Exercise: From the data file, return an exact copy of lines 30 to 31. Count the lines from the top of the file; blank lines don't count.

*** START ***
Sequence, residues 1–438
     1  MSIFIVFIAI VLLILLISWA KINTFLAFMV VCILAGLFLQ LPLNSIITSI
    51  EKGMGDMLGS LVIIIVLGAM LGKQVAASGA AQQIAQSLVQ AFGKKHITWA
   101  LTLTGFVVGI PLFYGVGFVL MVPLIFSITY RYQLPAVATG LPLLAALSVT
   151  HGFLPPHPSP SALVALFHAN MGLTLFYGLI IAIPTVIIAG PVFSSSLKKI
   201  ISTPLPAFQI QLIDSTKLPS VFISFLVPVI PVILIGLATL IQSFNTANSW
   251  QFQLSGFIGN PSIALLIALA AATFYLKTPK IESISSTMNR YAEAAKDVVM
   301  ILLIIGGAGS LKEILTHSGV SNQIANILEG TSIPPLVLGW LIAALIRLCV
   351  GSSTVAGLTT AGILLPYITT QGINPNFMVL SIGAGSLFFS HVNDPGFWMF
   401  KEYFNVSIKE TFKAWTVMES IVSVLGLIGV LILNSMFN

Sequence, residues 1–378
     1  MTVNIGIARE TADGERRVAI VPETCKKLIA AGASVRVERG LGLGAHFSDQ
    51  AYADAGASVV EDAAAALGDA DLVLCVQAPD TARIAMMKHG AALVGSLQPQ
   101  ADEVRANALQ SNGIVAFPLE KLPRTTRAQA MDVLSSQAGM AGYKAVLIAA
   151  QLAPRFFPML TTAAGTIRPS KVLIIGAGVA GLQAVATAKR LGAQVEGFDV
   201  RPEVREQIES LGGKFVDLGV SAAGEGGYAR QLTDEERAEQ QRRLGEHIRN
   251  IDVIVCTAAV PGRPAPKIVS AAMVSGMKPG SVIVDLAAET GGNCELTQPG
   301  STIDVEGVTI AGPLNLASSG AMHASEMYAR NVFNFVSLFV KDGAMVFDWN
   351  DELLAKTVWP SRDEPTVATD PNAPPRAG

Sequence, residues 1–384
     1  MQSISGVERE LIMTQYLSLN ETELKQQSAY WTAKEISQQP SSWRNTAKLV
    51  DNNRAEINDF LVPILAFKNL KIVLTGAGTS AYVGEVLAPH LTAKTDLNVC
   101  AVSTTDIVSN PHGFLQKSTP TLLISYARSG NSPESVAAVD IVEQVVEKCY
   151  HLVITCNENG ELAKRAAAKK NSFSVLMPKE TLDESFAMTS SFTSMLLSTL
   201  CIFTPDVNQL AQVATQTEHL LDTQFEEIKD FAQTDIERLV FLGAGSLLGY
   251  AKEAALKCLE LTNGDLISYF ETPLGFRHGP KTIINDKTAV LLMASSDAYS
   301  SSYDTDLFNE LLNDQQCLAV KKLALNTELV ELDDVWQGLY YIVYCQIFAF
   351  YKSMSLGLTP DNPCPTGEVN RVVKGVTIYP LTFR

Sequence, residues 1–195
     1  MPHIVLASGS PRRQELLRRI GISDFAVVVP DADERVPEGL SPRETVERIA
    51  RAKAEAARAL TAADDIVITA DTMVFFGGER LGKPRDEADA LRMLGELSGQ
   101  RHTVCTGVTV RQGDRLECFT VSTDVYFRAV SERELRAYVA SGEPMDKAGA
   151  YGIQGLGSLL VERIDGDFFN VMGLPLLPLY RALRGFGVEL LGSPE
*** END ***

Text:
     1  MPHIVLASGS PRRQELLRRI GISDFAVVVP DADERVPEGL SPRETVERIA
    51  RAKAEAARAL TAADDIVITA DTMVFFGGER LGKPRDEADA LRMLGELSGQ